We have 8% sales tax in my city on any goods we buy except for food. I have no objection to that. We also have federal and state excise taxes on fuel, presumably to pay for road maintenance. I have no objection to that. But if the gov't (local, state, or federal) decided that we eat too much junk food, or we drink too much alcohol, and raised the tax on those specific things for the purpose of changing our behavior, I have major objections to that. If the gov't at any level decided to raise fuel taxes to discourage commuting (by making it prohibitively expensive) and encourage using public transportation, I have major objections to that.

Along those same lines, I have no objection to standard sales taxes on weapons and ammunition. I would of course object to a tax designed to make keeping & bearing arms prohibitively expensive.

I hope that clarifies.
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Post by Accountable »

Ahso!;1414360 wrote: If they decide to take a militant stand on the issue should the government decide to repeal the second amendment or outlaw their particular weapon they might.
And well they should, since repealing a constitutional amendment is not within the government's power.
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Post by Bryn Mawr »

Accountable;1414391 wrote: We have 8% sales tax in my city on any goods we buy except for food. I have no objection to that. We also have federal and state excise taxes on fuel, presumably to pay for road maintenance. I have no objection to that. But if the gov't (local, state, or federal) decided that we eat too much junk food, or we drink too much alcohol, and raised the tax on those specific things for the purpose of changing our behavior, I have major objections to that. If the gov't at any level decided to raise fuel taxes to discourage commuting (by making it prohibitively expensive) and encourage using public transportation, I have major objections to that.

Along those same lines, I have no objection to standard sales taxes on weapons and ammunition. I would of course object to a tax designed to make keeping & bearing arms prohibitively expensive.

I hope that clarifies.


It does and thank you for it.

OK, if you see no problem with raising a tax on gas to cover the cost of road maintenance then why not a tax on alcohol to cover the cost of Medicare due to alcohol related accidents / illness and the loss to the economy due to alcohol related absenteeism at work.

Having written that I realise that the argument does not work so well in the American context as it does in the UK where the cost to the NHS and, therefore, to the country runs into the billions. So lets try the last one, raising tax on gas to cover the costs of climate change - that should cause a few raised eyebrows amongst the membership :wah:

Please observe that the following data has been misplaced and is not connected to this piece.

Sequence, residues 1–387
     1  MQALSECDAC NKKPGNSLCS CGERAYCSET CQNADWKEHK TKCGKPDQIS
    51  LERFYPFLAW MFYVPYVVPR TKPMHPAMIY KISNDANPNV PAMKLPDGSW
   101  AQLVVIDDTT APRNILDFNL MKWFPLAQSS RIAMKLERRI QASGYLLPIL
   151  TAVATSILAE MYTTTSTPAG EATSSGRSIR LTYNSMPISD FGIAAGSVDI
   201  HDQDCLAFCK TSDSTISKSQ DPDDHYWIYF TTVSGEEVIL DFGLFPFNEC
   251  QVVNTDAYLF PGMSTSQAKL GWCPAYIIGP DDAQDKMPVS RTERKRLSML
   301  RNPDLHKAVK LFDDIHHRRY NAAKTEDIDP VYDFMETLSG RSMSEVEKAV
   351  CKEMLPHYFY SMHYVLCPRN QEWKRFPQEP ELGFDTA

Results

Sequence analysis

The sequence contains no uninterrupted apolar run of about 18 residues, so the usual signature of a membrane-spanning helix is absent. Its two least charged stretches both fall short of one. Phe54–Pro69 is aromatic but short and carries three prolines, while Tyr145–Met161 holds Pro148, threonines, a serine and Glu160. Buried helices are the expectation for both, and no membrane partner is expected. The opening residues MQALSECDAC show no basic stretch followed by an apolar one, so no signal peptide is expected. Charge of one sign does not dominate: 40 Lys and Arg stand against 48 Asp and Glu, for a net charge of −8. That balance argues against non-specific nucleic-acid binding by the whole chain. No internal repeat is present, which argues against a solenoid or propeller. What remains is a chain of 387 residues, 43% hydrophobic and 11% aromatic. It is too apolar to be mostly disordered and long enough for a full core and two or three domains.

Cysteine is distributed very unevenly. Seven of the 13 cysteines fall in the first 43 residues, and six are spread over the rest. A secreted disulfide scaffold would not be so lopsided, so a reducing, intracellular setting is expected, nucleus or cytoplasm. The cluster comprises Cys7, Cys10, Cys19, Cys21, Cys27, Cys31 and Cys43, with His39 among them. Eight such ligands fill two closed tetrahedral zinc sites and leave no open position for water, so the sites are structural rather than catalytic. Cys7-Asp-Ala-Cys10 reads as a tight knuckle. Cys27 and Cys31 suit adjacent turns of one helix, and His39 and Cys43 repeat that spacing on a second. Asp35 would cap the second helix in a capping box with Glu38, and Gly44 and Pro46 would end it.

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Post by Ahso! »

Bryn Mawr;1414461 wrote: It does and thank you for it.

OK, if you see no problem with raising a tax on gas to cover the cost of road maintenance then why not a tax on alcohol to cover the cost of Medicare due to alcohol related accidents / illness and the loss to the economy due to alcohol related absenteeism at work.

Having written that I realise that the argument does not work so well in the American context as it does in the UK where the cost to the NHS and, therefore, to the country runs into the billions. So lets try the last one, raising tax on gas to cover the costs of climate change - that should cause a few raised eyebrows amongst the membership :wah:-actually, it does work. The American taxpayer pays hospitals a lot of money annually for unpaid emergency room care and for medicare and medicaid.
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Post by Bryn Mawr »

Accountable;1414392 wrote: And well they should, since repealing a constitutional amendment is not within the government's power.


They have done it before when repealing the prohibition of the sale of alcohol.

Also, if they have the right to amend an Amendment then the can effectively repeal any amendment they like.
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Post by Accountable »

Bryn Mawr;1414468 wrote: They have done it before when repealing the prohibition of the sale of alcohol.